Last year’s municipal election may have been the most expensive in Juneau history.
According to new filings from the Alaska Public Offices Commission, candidates in last fall’s municipal election spent more than $100,000 combined in their quest to win seats on the City and Borough of Juneau Assembly.
That appears to be a record, but incomplete online records make direct comparisons difficult. Candidates who raise less than $5,000 for an election are not required to report their contributions.
The deadline for filing fundraising and expense records was Jan. 17.
According to APOC filings, Mary Becker was the top fundraiser among Assembly candidates, collecting $29,359 in donations and personal contributions. Her work paid off — she defeated Arnold Liebelt for the District 1 seat by more than 500 votes.
Liebelt raised $8,378 for his campaign, a figure that included a personal loan of $3,000.
At the end of the campaign, Liebelt reimbursed himself with $1,553 left in his campaign’s coffers. Becker had $594 left in her campaign’s account. She donated the money to the Juneau Community Foundation.
Under Alaska Statute 15.13.116, a candidate who has money left over in his or her campaign account can give that money to charity, a political party, repay contributors, or simply turn the money over to the state or CBJ.
William Quayle, who finished third in the race for the District 1 seat, reported that he raised no money during the election.
In Assembly District 2, Beth Weldon was the lone candidate but still raised $28,884.
Of that figure, she spent $23,592. Included her campaign expenses were $2,200 in charitable contributions to groups including the Gastineau Humane Society ($200), the Juneau Housing First project ($500), the Alaska Development Corporation ($250), SAIL Inc. ($500) and Southeast Alaska Food Bank ($300).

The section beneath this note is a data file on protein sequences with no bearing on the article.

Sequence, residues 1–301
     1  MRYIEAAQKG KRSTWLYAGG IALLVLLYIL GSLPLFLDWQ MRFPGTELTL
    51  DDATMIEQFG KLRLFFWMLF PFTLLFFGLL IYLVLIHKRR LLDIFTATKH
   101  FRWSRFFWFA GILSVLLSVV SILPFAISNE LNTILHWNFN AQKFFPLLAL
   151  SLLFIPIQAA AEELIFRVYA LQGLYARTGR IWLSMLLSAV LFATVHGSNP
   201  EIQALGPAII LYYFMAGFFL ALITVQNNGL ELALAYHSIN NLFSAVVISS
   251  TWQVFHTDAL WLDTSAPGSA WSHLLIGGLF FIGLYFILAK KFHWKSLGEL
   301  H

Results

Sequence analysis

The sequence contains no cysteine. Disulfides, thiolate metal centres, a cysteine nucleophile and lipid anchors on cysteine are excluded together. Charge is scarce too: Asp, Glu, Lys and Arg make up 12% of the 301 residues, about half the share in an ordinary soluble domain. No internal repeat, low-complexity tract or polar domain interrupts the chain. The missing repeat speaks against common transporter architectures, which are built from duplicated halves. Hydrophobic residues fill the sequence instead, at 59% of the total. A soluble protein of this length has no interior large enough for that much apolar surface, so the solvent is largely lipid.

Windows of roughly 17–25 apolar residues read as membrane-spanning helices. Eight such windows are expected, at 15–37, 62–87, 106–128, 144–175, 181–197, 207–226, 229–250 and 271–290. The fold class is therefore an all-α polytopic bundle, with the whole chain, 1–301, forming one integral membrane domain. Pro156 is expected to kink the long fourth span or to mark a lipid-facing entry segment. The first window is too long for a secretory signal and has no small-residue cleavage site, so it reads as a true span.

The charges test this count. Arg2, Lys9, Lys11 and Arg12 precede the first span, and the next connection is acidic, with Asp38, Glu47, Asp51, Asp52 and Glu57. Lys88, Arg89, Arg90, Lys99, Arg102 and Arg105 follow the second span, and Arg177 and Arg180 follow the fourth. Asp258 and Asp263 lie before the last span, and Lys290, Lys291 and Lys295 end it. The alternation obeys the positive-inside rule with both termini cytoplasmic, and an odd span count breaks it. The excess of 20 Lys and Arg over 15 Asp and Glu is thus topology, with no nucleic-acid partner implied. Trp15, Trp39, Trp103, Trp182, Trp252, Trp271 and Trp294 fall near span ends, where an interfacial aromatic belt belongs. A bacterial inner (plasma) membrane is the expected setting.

Also among Weldon’s charitable contributions was a $250 donation to the Chamber’s permanent endowment. Craig Dahl, executive director of the Juneau Chamber of Commerce, contributed $150 to Weldon’s campaign.
The permanent endowment is separate from the Chamber’s ordinary operations. It’s a loan program intended to help small businesses, and Weldon said she wanted to contribute to charities that match her interests — including the support of small business.
“It’s a total coincidence. I’m a member of the chamber, and we had to renew our membership,” she said.
At the bottom of the form was a check-box asking members to contribute to the endowment. Weldon simply checked the box after ensuring the endowment was a registered 501c(3) organization, and inserted the amount.
Under state law, a municipal candidate can roll over a maximum of $5,000 to the next election.
After Weldon’s charity contributions, her fund had a surplus of $4,951.
In the areawide Assembly race, Norton Gregory defeated Kate Troll despite raising less money.
Gregory reported raising $16,500 and spending $13,613.
Troll reported raising $20,200 and spending $20,806. The latter figure includes money Troll rolled over from her 2013 campaign, when she raised $22,104 and spent $21,474.
Troll closed her campaign with an $857 reimbursement of a $1,000 personal loan to her campaign.
APOC’s online listings didn’t show campaign filings for the school board race.
The 2016 races show a sharp increase in spending over past municipal contests. In 2015, Loren Jones, running unopposed, raised and spent $1,398. The records of Jerry Nankervis, who won a contested race, are not listed.
In 2014, facing a three-way race for an areawide seat, winner Maria Gladzisewski raised $20,374. Her opponents raised $10,180 and less than $2,000, respectively. In a five-way race for a District 2 seat, Debbie White raised and spent $12,214. Running alone for a District 1 seat that year, Jesse Kiehl spent $3,676 and transferred almost $4,300 to his future-campaign account.
Gladzisewski, White and Kiehl are again on the ballot for the October 2017 municipal election.
White has already filed as a candidate for re-election.